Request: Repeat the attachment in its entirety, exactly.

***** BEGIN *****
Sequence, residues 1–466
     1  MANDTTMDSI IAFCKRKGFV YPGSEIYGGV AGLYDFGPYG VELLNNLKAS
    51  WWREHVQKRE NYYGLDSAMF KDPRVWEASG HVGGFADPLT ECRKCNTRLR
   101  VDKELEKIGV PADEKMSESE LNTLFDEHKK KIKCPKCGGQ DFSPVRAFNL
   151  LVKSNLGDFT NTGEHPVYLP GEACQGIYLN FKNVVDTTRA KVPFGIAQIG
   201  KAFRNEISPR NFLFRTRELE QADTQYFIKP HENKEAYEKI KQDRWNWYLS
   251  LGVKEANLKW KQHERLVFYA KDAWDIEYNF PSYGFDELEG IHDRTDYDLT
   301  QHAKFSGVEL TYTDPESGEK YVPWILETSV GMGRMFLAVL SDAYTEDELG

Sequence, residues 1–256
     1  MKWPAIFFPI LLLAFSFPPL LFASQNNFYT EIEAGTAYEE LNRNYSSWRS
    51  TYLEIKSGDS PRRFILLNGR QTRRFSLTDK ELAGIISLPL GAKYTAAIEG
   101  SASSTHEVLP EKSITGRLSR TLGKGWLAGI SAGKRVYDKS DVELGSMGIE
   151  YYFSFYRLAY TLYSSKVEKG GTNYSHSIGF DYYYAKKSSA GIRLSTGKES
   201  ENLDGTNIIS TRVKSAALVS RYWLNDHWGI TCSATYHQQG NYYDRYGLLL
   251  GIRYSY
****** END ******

Sequence, residues 1–466
     1  MANDTTMDSI IAFCKRKGFV YPGSEIYGGV AGLYDFGPYG VELLNNLKAS
    51  WWREHVQKRE NYYGLDSAMF KDPRVWEASG HVGGFADPLT ECRKCNTRLR
   101  VDKELEKIGV PADEKMSESE LNTLFDEHKK KIKCPKCGGQ DFSPVRAFNL
   151  LVKSNLGDFT NTGEHPVYLP GEACQGIYLN FKNVVDTTRA KVPFGIAQIG
   201  KAFRNEISPR NFLFRTRELE QADTQYFIKP HENKEAYEKI KQDRWNWYLS
   251  LGVKEANLKW KQHERLVFYA KDAWDIEYNF PSYGFDELEG IHDRTDYDLT
   301  QHAKFSGVEL TYTDPESGEK YVPWILETSV GMGRMFLAVL SDAYTEDELG

Sequence, residues 1–256
     1  MKWPAIFFPI LLLAFSFPPL LFASQNNFYT EIEAGTAYEE LNRNYSSWRS
    51  TYLEIKSGDS PRRFILLNGR QTRRFSLTDK ELAGIISLPL GAKYTAAIEG
   101  SASSTHEVLP EKSITGRLSR TLGKGWLAGI SAGKRVYDKS DVELGSMGIE
   151  YYFSFYRLAY TLYSSKVEKG GTNYSHSIGF DYYYAKKSSA GIRLSTGKES
   201  ENLDGTNIIS TRVKSAALVS RYWLNDHWGI TCSATYHQQG NYYDRYGLLL
   251  GIRYSY